b. Ekman divergence and STC layer convergence
Anomalies of the Ekman transports clearly oppose the total STC layer transports at 10°S and 10°N on longer than interannual time scales (Figs. 6a,b, top), suggesting a baroclinic response, such that wind-forced Ekman transports near the surface are balanced by equatorward flow at STC layer densities. In this case, poleward Ekman transports and subsequent equatorial upwelling pull the equatorward STC-layer transports (see also Schott et al. 2004). We quantify this STC overturning by the Ekman divergence and STC layer convergence at 10°S and 10°N, regardless of the detailed pathways equatorward from these sections. We note that the mean geostrophic flow in the ML is equatorward, and its variability does not correlate significantly with the STC layer convergence.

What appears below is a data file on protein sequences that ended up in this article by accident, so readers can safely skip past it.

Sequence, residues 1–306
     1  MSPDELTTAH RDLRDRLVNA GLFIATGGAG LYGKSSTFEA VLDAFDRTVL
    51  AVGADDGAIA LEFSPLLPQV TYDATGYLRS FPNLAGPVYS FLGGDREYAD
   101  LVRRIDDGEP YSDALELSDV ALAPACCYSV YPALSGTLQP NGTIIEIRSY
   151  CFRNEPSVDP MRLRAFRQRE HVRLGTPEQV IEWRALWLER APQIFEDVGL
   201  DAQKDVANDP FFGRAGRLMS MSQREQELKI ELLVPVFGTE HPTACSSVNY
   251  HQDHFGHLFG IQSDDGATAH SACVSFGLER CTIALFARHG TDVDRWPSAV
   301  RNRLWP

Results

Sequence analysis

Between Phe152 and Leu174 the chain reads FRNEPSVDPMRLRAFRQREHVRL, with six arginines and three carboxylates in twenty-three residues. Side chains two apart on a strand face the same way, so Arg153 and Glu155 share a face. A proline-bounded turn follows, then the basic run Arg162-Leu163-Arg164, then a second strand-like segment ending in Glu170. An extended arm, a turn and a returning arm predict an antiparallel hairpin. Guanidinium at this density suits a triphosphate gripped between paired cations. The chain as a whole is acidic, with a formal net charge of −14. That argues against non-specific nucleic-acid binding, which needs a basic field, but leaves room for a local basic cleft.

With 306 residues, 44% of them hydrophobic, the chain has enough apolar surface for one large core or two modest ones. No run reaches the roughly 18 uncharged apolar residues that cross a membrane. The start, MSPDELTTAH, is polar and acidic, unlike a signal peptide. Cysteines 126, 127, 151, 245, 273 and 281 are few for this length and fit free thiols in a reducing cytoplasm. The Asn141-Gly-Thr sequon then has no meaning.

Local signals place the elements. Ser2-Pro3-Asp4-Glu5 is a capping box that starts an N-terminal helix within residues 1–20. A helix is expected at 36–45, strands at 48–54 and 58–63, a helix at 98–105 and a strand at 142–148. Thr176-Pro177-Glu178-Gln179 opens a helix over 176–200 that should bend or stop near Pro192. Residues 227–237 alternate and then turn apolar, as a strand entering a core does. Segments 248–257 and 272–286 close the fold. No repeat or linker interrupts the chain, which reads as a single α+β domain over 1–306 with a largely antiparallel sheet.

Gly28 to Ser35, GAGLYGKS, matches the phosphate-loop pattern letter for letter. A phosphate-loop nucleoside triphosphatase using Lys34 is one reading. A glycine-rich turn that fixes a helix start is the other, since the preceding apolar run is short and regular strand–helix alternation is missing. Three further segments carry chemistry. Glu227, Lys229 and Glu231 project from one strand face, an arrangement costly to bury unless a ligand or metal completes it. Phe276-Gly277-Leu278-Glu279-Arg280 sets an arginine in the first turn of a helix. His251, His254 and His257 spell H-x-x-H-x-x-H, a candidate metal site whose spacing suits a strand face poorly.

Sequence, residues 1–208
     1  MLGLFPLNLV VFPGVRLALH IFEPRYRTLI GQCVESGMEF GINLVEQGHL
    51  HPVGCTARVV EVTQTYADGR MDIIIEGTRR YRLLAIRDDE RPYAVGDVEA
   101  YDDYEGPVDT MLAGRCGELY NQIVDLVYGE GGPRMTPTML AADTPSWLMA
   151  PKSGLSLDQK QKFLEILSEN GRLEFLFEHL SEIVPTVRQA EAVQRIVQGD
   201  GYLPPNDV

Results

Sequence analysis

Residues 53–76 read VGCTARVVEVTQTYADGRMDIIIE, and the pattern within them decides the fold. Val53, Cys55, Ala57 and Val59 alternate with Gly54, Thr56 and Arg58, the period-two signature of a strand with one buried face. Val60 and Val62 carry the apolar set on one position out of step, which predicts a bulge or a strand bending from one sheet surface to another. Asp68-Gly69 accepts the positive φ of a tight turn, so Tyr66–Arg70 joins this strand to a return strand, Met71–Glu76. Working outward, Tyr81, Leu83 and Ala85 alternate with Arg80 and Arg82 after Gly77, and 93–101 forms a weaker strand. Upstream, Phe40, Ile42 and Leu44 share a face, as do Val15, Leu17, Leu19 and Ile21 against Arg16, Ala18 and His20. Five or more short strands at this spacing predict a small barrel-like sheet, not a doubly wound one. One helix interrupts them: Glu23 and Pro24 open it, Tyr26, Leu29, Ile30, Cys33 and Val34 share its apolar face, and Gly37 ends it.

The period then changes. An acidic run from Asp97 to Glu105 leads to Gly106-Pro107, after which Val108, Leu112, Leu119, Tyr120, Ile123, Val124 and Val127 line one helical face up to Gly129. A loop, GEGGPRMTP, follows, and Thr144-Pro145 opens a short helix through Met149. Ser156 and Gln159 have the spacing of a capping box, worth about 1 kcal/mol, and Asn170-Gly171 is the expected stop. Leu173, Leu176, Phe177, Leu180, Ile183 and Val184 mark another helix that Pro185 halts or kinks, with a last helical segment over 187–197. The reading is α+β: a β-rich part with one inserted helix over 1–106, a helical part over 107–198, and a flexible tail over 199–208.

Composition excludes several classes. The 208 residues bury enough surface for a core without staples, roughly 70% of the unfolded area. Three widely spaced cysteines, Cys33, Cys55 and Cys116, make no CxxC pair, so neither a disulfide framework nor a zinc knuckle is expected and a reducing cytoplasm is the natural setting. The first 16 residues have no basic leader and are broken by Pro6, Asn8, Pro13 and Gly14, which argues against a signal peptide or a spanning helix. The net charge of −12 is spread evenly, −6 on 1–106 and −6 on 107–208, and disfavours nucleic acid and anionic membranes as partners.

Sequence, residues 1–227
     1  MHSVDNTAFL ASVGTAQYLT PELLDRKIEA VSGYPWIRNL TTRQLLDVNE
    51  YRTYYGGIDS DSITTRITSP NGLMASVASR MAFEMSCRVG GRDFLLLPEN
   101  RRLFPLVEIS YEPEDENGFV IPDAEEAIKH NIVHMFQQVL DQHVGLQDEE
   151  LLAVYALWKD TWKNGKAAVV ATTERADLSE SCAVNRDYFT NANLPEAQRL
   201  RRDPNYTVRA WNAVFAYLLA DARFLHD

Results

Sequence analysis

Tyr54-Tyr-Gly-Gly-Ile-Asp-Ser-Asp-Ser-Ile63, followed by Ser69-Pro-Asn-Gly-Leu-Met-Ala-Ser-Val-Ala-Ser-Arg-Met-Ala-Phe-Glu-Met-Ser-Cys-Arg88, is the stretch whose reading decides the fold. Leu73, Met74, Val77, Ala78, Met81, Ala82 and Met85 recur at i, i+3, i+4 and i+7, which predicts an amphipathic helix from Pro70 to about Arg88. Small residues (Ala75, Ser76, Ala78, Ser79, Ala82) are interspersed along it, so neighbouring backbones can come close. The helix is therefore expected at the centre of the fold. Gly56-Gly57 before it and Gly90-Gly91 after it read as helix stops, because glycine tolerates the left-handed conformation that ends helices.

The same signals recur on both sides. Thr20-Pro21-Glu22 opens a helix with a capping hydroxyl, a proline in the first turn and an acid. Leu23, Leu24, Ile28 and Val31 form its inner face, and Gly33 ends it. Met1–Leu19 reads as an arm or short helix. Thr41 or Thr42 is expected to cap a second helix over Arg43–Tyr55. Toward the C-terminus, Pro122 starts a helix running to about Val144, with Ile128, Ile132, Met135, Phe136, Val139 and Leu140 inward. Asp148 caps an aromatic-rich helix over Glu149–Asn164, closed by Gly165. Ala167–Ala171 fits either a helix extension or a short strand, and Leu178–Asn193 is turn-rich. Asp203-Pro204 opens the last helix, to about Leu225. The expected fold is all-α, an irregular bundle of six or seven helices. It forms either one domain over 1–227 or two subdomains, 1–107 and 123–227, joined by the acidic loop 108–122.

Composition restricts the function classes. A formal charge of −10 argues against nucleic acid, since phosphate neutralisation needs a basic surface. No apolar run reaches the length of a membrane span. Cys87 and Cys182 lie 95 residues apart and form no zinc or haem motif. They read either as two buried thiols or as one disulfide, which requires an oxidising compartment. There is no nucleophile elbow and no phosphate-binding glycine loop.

In the mean, the total equatorward convergence by the STC layer transport across the sections at 10°S and 10°N (WBC and interior) is 22.5 Sv, which more than balances the divergence of 18.0 Sv caused by Ekman transports calculated from GECCO wind stress at these two sections. The remaining difference may be explained by poleward STC layer transport near the eastern boundary, amounting to 4.4 Sv, leaving a balance of 18.1 Sv for STC layer convergence across the whole of 10°S and 10°N. For comparison, the NCEP (ERA-40) wind fields give 17.0 Sv (15.5 Sv) Ekman divergence over the same 50 yr (44 yr), slightly lower than GECCO. Some of the converging and diverging transport may recirculate before reaching the equator, while some of the EUC transport may recirculate without reaching 10°S or 10°N, for example, within TCs. Therefore, we look at the covariability of these latitudes and the equator in section 6.